Lit-Tech

Cliques and Clicks at Evening on the Future of the Book

code meet print Cliques and Clicks at Evening on the Future of the Book

The rapturous Ratliff rocks the microphone

Four speakers working on the future of digital publishing took turns presenting to an audience of about 100 at the second Code Meet Print event at General Assembly last night. Glenn Nano of Centurion Venture Partners played host, and judging from the applause, the social hierarchy of the speakers was as ridged as at a high school assembly.

The Atavist, starring Wired writer Evan Ratliff, was the cool, smart kid who is probably going to go to a good school and everyone likes to think they are friends with. Social Book was that English teacher who did a bunch of cool things before teaching and everybody tries to get him as their advisor. Joyland was the nerdy fanboy who is funny in class but spends all his time getting his friends to submit to the lit mag he started. And FS Publishing was the girl you know from your English class who doesn’t understand why people argue with her so much.

FS Publishing spoke first about a revolutionary method for publishers wading through a slush pile. Right now, editors are the first line of defense, using qualitative methods to decide what to acquire.  Then the manuscript goes to marketing, where they use more qualitative analysis (are vampires trending?) to judge whether a book will be successful.

FS wants to switch the order of the process. Instead of subjective and only occasionally helpful editorial comments at the end of a manuscript, the FS platform allows readers to rate the submissions with a happy face, medium face or sad face. Then, when the votes are tallied, editors can read the culled works and decide what to pursue. One imagines will be a hard sell to editors who feel like they have already have given too much power to marketing. Then again editors may be happy just to still have a job.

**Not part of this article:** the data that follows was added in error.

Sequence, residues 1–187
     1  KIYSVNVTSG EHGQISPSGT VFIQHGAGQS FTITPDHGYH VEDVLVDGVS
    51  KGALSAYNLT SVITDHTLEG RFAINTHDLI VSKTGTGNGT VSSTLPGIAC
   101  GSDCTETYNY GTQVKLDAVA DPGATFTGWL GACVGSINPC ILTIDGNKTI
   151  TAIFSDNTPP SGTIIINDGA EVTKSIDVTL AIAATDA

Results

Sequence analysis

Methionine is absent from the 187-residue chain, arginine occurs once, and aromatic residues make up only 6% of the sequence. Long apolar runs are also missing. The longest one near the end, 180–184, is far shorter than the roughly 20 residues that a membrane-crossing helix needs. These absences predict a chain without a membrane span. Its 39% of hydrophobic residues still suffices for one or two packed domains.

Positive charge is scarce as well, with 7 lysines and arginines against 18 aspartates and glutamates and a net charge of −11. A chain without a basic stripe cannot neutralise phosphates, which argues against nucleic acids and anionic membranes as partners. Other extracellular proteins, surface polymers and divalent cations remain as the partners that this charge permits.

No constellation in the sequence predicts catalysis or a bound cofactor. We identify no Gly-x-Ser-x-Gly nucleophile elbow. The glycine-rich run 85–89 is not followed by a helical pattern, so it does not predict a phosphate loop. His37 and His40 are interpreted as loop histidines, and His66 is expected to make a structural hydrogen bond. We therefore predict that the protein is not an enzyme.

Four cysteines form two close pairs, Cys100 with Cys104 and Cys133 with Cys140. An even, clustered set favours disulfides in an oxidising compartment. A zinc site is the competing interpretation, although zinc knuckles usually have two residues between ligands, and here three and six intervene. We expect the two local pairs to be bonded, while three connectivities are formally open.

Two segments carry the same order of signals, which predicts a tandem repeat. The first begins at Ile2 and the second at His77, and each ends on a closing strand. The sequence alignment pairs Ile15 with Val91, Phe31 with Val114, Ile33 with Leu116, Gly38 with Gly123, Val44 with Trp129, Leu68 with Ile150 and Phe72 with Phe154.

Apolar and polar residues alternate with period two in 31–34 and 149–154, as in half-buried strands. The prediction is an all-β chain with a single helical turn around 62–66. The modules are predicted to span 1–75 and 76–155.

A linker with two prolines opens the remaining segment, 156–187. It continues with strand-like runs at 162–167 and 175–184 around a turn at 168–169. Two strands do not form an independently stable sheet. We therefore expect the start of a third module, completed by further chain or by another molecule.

Next up was Joyland, an online lit magazine for short fiction. The idea did not seem that revolutionary (sample question from the audience, ” So this is a literary journal that exists online and sometimes asks questions on Facebook?”). But the talk was snappy and presenter Brian Joseph Davis pronounced words with a Canadian accent. Mr. Davis’ answers seemed to satisfy the crowd and by the time he got to the finale, a contest for best Twitter short story, the audience engagement was high (winner gets a kindle!).

Social Books’ Bob Stein, who we last saw listed as a “Visionary” at a publishing panel, presented next. Even if his visions for CD-ROM magazines haven’t quite come true, he is always going to be the guy who came up with the idea for the Criterion Collection and thought that movie buffs might just want to listen to a director talk about his work while watching that work.

Mr. Stein speaks in a soothing tone and seems generally knowledgeable and insightful (they don’t call him a visionary for nothing). It’s all about teaching people new behavior. “I have never had anyone say ‘this is yucky,’” said Mr. Stein. “Only ‘give it to us better.’”

Last was Evan Ratliff of The Atavist, clearly the star of the show. His company publishes original longform non-fiction to the iPad, Nook and Kindle, sharing the proceeds with the authors. “We are in between a magazine and book publisher so there is no word for it”

If you use the Atavist on the Kindle, you’re kind of missing the best part, the multimedia component. An article about a Swedish bank heist opened with footage from the actual heist, which Mr. Ratliff said was better than any lede he could write. The future of print is video.

After the Q & A, there was an informal line to talk to Mr. Ratliff as people finished their beers and waited until they got kicked out of General Assembly.

Comments

  1. Anonymous says:

    Evan, at least try a little bit.  Bagazine?  Bogazine?  Mook?  It’s not that hard.